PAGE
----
13 Songs

EDITORS’ NOTES

Allison Moorer’s first album in five years took two years to complete. The singer commuted from New York to Nashville to play with the necessary musicians and work with her favored producer, Kenny Greenberg, who had helmed two earlier Moorer albums. The circumstances were largely difficult, with her marriage to Steve Earle ending in divorce as she began raising a young child later diagnosed with autism. Here, she channels her energy into songs such as “Like It Used to Be,” “Tear Me Apart,” and “If I Were Stronger.” She sings with complete conviction, whether the songs are rockers or intense ballads. Even the John Fogerty cover takes on added gravitas. 

EDITORS’ NOTES

Allison Moorer’s first album in five years took two years to complete. The singer commuted from New York to Nashville to play with the necessary musicians and work with her favored producer, Kenny Greenberg, who had helmed two earlier Moorer albums. The circumstances were largely difficult, with her marriage to Steve Earle ending in divorce as she began raising a young child later diagnosed with autism. Here, she channels her energy into songs such as “Like It Used to Be,” “Tear Me Apart,” and “If I Were Stronger.” She sings with complete conviction, whether the songs are rockers or intense ballads. Even the John Fogerty cover takes on added gravitas. 

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Customer Reviews

5 out of 5

33 Ratings

Like It Used To Be and Down To Believing-Must Listen

HawkKnight,

Allison sings like an angel. It's time she really breaks out and she's delivered the album.
Seriously- Like It Used To Be is undeniable.

Down To Believing

Naomi031,

Have always loved Allisons vocal style. Down To Believing is a must all to my music collection.

About Allison Moorer

Allison Moorer was born into a musical family and raised in the small southern Alabama town of Frankville; when Moorer's father shot her mother and then turned the gun on himself, older sister Shelby Lynne -- soon to become a country singer herself -- took charge of raising Allison. After attending the University of South Alabama, Moorer moved to Nashville, hoping to get her start as a studio backing vocalist. She struck up a songwriting partnership with musician and future husband Butch Primm, and soon signed a publishing deal.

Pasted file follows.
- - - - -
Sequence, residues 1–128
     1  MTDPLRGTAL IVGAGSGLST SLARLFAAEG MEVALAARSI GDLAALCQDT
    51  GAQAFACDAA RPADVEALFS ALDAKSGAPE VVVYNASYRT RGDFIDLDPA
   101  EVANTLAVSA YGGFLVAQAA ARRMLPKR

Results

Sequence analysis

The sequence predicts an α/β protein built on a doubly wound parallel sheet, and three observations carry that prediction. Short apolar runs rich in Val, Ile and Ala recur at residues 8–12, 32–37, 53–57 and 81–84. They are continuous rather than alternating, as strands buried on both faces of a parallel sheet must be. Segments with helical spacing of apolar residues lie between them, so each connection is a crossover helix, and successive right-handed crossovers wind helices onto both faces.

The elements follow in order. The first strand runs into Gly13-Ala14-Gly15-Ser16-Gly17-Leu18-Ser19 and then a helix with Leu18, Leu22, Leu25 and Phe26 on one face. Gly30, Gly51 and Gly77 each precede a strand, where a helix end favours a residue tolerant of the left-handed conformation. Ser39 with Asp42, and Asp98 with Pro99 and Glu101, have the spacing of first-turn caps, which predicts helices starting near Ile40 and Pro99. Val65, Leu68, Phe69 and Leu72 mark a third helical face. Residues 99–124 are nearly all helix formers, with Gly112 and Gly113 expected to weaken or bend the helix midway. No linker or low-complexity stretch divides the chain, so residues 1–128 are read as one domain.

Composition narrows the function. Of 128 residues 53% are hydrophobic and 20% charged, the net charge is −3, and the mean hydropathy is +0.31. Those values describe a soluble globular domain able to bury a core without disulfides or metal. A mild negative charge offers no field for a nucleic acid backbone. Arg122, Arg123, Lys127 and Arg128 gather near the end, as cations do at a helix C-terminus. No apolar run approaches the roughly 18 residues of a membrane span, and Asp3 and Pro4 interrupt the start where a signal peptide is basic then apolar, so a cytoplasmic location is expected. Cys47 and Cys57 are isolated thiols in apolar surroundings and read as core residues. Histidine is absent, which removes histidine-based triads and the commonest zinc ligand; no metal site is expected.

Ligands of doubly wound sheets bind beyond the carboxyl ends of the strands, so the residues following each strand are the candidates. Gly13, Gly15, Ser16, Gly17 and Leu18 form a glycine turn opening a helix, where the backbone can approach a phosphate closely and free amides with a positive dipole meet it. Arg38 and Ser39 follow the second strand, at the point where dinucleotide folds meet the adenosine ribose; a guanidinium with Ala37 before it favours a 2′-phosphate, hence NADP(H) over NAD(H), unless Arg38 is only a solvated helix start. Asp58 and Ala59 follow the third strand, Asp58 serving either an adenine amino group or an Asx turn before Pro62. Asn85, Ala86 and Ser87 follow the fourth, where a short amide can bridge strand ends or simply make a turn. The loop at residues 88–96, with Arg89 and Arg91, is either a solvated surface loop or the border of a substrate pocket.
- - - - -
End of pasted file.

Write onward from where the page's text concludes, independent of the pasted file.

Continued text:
Performances of Walter Hyatt's "Tell Me Baby" at benefit shows for the late singer's family landed Moorer a contract with MCA Nashville. Moorer's big break came when "A Soft Place to Fall," a track she had co-written with Gwil Owen, was tapped for inclusion on the soundtrack of The Horse Whisperer; it garnered rave reviews, as well as an appearance in the film itself for Moorer, and set the stage for the singer's 1998 debut album, Alabama Song.

She returned with another solo effort in 2000 with The Hardest Part. Two years later, Moorer had a new deal with Universal South and released a third album, Miss Fortune, later that summer. Show, which was recorded in January 2003 at Nashville's 12th & Porter, appeared in June. Her sister and Kid Rock joined Moorer for this first-time live recording. Not slowing down, Moorer found a new label home with Sugar Hill in early 2004. The Duel, recorded with a new studio band in less than two weeks, was released in April of 2004.

Moorer married singer/songwriter Steve Earle and moved to New York in 2005, and in 2006 released Getting Somewhere. She followed it with a long tour, opening for Earle and being a featured vocalist in the Dukes. Mockingbird, an album largely focused on covers of songs by many of Moorer's favorite female singer/songwriters, was released in early 2008. The following year, she appeared in The People Speak, a documentary directed by Anthony Arnove and Chris Moore, based on Howard Zinn's landmark text A People's History of the United States. She also performed on the BBC television program Transatlantic Sessions and began recording a new album.

In February of 2010, she released Crows on Rykodisc, featuring the singles "The Broken Girl" and "Just Another Fool." Well-received, the album peaked at number 11 on Billboard's Folk Albums chart. That April, she also gave birth to a son, who was ultimately diagnosed with autism. Moorer and Steve Earle separated in 2014. Her eighth studio album, Down to Believing, was issued by E1 in the spring of 2015, produced by Kenny Greenberg.

Back in 2010, Moorer and Lynne teamed for the Side by Side tour, and considered recording an album together. The plan was shelved until 2017 when they got together in Los Angeles with producer Teddy Thompson and a small group of invited guest musicians including Benmont Tench, Erik Deutsch, Doug Pettibone, and Val McCallum. The siblings chose to record a host of covers from the classic country canon, alongside contemporary fare by pop and Americana songwriters. Their lone co-written original was the set closer "Is It Too Much?" Titled Not Dark Yet, the album was released by Thirty Tigers in August. ~ Steve Huey

  • ORIGIN
    Mobile, AL
  • BORN
    Jun 21, 1972

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